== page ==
A recruitment policy is a statement on how you hire. It outlines your company’s preferred hiring practices and promotes consistency within your employee recruiting process.
To begin crafting your recruitment policy, answer these three questions:
- Philosophy. What is your hiring philosophy?
- Procedures. What are your recruitment procedures?
- Standards. What are your standards for the hiring process?
Use these three elements to structure your policy to give hiring teams a head start with their recruiting.
Share your philosophy
At the beginning of your policy, set the tone for how you approach recruiting. Your opening statements express your company’s unique perspective. You could mention:
- An action you feel strongly about that ties into your culture (for example, refusing to offer unpaid internships.)
- An idea you’re committed to and how you adopt it (for example, using blind hiring to increase diversity.)
- The employer brand you are aiming to build (for example, offering training programs to promote a culture of learning.)
You could also answer practical questions like:
- What are you looking for in candidates? Are there certain values you want all hires to have? For example, Google summarizes the qualities it looks for in future employees with a simple statement:
- Who undertakes which tasks? For example, recruiters post job ads and conduct screening calls, while hiring managers conduct second-round and final-round interviews.
- Where should hiring teams look for candidates? What’s the preferred source-of-hire mix among job boards, sourcing, referrals, recruiting agencies and campus recruiting?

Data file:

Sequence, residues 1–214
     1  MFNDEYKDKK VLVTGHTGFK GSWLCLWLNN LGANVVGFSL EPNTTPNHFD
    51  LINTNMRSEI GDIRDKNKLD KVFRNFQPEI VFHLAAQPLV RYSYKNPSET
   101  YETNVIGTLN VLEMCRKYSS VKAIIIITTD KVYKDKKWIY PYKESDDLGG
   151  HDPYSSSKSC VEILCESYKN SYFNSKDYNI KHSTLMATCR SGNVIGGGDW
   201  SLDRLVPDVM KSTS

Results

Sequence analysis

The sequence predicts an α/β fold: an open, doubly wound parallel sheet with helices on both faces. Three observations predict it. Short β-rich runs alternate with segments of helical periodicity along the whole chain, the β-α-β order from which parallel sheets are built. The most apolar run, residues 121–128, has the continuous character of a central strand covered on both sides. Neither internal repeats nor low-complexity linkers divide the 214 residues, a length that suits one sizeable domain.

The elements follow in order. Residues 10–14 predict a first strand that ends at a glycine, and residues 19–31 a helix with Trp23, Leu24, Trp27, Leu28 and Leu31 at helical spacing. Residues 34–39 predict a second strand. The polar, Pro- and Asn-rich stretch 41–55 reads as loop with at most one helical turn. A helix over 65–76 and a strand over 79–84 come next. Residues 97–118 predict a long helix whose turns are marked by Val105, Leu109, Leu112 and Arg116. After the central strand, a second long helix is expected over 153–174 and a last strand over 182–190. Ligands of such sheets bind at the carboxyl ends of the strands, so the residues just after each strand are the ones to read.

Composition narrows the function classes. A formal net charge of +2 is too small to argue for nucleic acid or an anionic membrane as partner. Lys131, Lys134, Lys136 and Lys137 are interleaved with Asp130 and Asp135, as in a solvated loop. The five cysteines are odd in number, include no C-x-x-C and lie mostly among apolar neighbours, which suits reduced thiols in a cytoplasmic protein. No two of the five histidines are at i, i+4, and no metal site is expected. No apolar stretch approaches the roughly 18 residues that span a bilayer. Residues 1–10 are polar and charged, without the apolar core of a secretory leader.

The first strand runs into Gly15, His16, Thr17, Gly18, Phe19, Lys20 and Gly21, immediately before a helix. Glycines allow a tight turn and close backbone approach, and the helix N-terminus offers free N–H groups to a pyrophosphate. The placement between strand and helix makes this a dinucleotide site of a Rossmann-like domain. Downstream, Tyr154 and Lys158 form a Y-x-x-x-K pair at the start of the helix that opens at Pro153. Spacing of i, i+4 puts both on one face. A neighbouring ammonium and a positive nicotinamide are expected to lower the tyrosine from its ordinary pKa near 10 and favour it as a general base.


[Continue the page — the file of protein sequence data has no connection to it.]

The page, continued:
- How much flexibility do recruiters and hiring managers have? Are they obliged to follow this policy’s instructions or can they choose which rules to follow?
- What are your main recruiting tools? For example, state whether you use an Applicant Tracking System (ATS) to streamline your hiring. Choose the right ATS to ensure that employees actually use it.
Outline the procedure
This section is the main body of your recruitment and selection policy. Although it’s best to leave room to adjust between different roles, recommend a series of hiring stages as a reference. Add other necessary information too.
- Describe the pre-hiring stages. If hiring managers need to get their open job approved before they advertise, let them know who they should contact. Distinguish between internal and external hiring and offer guidelines for when each is appropriate. Instruct hiring managers to create a list of job-related criteria to evaluate candidates.
- Outline the standard hiring process. Mention the hiring phases for different types of roles (e.g. entry-level or senior positions.) For example, you may want each candidate to clear a background check before being hired. And screening calls help disqualify candidates in all positions.
- Mention effective tools and methods. A recruitment process needs support from the right tools, methods and techniques. For example, explain structured interviews or group interviews and for which roles they are most worthwhile. State whether you recommend panel or 1:1 interviews.